Endothelial dysfunction is important in the pathophysiology of preeclampsia. No study has examined endothelial function sequentially at different gestations before development of the clinical syndrome and after delivery (to compare maternal from placental influences). We sought to determine whether endothelial function changes before the clinical development of preeclampsia. We measured skin microvascular function using iontophoresis of acetylcholine and sodium nitroprusside, and laser Doppler imaging at 22, 26, 34 weeks’ gestation and 6 weeks postpartum in women identified as being at increased risk of preeclampsia, based on uterine artery Doppler waveforms at 18 to 20 weeks, and controls with normal Doppler waveforms. Fifty-four women remained normotensive and preeclampsia developed in 15. In normotensive and preeclamptic women, acetylcholine responses were augmented during pregnancy compared with postpartum responses (P<0.001). Sodium nitroprusside responses were augmented during pregnancy compared with those postpartum (P<0.005) in preeclamptic women only. Microvascular responses were augmented in women in whom preeclampsia developed, compared with those in normotensive women, at 26 and 34 weeks for acetylcholine (P<0.05 and P<0.001, respectively) and at 22 and 26 weeks for sodium nitroprusside (P<0.05 and P<0.02, respectively). Postpartum acetylcholine and sodium nitroprusside responses were not significantly different between preeclamptic and normal women. Microvascular responses are enhanced during pregnancy in women in whom preeclampsia develops to a level above that seen in normotensive women. These changes precede the onset of clinical disease and might be related to a compensatory increased sensitivity of the microcirculation to nitric oxide.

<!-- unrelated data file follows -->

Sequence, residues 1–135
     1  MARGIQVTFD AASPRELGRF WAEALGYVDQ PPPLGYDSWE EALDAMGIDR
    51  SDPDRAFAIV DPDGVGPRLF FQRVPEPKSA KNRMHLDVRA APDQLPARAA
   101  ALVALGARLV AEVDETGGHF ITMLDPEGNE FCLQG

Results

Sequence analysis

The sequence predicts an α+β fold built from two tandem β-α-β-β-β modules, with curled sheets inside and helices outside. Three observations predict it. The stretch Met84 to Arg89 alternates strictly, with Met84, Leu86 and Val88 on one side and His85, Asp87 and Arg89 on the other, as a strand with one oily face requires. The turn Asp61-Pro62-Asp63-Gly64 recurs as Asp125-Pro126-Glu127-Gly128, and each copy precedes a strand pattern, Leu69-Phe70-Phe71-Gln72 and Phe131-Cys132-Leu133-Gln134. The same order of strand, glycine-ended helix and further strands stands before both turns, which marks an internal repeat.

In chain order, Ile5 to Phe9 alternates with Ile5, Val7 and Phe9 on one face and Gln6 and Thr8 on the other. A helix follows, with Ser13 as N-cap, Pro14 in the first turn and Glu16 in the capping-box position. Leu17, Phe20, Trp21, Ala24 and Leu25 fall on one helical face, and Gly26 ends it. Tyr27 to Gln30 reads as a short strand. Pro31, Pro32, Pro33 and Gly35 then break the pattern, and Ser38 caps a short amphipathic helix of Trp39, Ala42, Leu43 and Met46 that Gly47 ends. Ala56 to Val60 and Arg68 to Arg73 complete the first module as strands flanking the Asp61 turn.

|Number of pages||6|
|Publication status||Published - 2005|
- Endothelium-derived factors
- Nitric oxide